Oregon, USC enter must-win game to stay in divisional races

Can Oregon beat USC? (1:34)

Trevor Matich makes his pick for Oregon's upcoming matchup against USC. (1:34)

What to watch for when No. 24 USC travels to No. 23 Oregon.

1. Must-win for both USC and Oregon: At this point neither USC nor Oregon completely controls its own destiny. But both schools need to win this game if they want a shot at their respective division titles. This is, after all, the Pac-12. Chaos can, and likely will, ensue The Trojans have a bit of the upper hand considering they’d win the tiebreaker against Utah if it comes down to that and both teams win their final two games. The Ducks, on the other hand, need Cal to beat Stanford in the Big Game to have a shot at the North.

2. JuJu Smith-Schuster vs. the Oregon secondary: This will be one of the defining matchups of the game. The Ducks’ pass defense -- which gives up a conference-worst 318 passing yards per game -- has been a work in progress this season. This weekend it’ll have one of its toughest tests yet as the conference’s leading receiver comes to Autzen Stadium. Smith-Schuster has 10 receiving touchdowns and 1,160 yards on 63 passes. Seventy-five percent of his catches either get a first down or touchdown for the Trojans. Other individual receivers who’ve torn up Oregon’s secondary have given Smith-Schuster a road map of sorts, but he’s also more athletic than nearly any wide receiver Oregon’s defense has faced this season.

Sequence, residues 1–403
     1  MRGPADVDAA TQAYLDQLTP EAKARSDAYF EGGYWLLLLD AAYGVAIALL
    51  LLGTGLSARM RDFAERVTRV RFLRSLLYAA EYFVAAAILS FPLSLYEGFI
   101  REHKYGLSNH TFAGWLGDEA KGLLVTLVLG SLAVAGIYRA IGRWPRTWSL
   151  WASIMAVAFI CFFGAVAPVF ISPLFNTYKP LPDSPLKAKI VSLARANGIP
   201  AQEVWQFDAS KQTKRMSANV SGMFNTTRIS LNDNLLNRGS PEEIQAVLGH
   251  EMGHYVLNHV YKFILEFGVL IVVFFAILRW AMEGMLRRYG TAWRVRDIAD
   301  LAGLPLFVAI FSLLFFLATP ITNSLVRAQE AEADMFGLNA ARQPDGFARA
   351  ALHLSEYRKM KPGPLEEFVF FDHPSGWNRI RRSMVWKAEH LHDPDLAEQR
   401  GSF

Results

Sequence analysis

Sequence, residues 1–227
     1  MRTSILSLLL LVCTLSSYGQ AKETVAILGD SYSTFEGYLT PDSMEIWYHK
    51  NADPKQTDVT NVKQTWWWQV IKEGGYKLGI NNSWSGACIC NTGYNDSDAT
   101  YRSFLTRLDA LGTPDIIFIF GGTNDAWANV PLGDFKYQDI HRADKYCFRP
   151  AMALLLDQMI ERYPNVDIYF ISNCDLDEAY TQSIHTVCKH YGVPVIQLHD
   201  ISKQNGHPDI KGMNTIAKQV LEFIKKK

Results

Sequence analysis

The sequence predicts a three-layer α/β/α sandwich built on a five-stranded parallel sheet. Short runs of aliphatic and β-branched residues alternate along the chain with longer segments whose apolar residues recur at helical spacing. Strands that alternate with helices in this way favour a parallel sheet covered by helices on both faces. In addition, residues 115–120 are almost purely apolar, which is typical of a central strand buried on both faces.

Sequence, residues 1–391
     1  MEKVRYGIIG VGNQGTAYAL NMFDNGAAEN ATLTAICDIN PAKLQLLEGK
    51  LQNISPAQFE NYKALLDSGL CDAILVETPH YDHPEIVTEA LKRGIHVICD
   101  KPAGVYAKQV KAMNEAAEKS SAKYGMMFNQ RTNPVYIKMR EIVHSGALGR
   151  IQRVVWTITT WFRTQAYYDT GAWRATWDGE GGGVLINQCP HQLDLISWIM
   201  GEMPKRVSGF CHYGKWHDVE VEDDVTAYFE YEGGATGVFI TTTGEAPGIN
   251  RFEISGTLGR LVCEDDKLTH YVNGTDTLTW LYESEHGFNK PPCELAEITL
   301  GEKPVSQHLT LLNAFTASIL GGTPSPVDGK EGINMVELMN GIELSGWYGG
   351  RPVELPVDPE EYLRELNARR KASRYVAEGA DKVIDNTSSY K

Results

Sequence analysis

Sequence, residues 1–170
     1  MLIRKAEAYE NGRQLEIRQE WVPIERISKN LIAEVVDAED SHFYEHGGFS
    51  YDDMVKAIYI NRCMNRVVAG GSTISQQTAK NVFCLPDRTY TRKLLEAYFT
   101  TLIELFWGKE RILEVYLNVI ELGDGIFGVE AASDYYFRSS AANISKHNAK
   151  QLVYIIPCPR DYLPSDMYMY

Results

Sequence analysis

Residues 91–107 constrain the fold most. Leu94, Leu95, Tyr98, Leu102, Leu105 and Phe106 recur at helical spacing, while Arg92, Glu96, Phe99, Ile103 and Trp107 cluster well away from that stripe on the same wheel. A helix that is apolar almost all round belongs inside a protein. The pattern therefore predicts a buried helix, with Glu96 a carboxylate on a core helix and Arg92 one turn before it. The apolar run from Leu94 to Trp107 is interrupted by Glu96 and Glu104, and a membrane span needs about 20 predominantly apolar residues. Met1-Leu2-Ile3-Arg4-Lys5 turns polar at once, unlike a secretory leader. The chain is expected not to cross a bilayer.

3. Turnover battle: The Trojans lead the Pac-12 in turnover margin (plus-10) and the Ducks sit third in that category (plus-5). But the key stat in all of this is what both teams have done in their three losses -- five of the Trojans’ nine total turnovers came in their three losses this season; seven of the Ducks’ 14 total turnovers came in their three losses this season. Taking care of the ball is going to be important in any game, but the Ducks will need to be especially careful of it against the Trojans, who’ve done a really nice job of scoring off opponent turnovers this season (79 points) and not allowing opponents to score off their own turnovers (24 points).

4. Rushing attacks: The Ducks’ run game has been a model of consistency over the past few seasons and this year is no different. Between Royce Freeman, Kani Benoit and Taj Griffin, the Ducks have a very dynamic run game that will face the conference’s third-best run defense. The question for the Trojans is: Will their run game play like it did in the Colorado game or the Arizona game? Against the Buffs, USC rushed for just 129 yards and no touchdowns on 37 carries (3.5 yards per rush) against a team that had given up more than 2,000 rushing yards and 17 rushing touchdowns coming into that game. A week earlier against Arizona, the USC rushing attack had been explosive, gaining 229 yards and three touchdowns on 40 carries. Oregon’s run game will be ready to go. But, which version of USC’s will show up?

5. USC’s middle linebacker spot: Speaking of Oregon’s rushing attack and how the Trojans will attempt to slow it … both freshman Cam Smith and redshirt senior Lamar Dawson suffered season-ending injuries in USC’s win over Colorado. Now the Trojans middle linebacker position, which had been incredibly deep, will become patchwork as Clay Helton puts together the group for the final stretch of the season. USC listed sophomore Olajuwon Tucker and junior Michael Hutchings as co-starters on the Trojans’ depth chart this week. Neither has seen much game action, which isn’t the greatest news considering Freeman & Co., but there’s a lot to like about USC’s rushing defense around that position.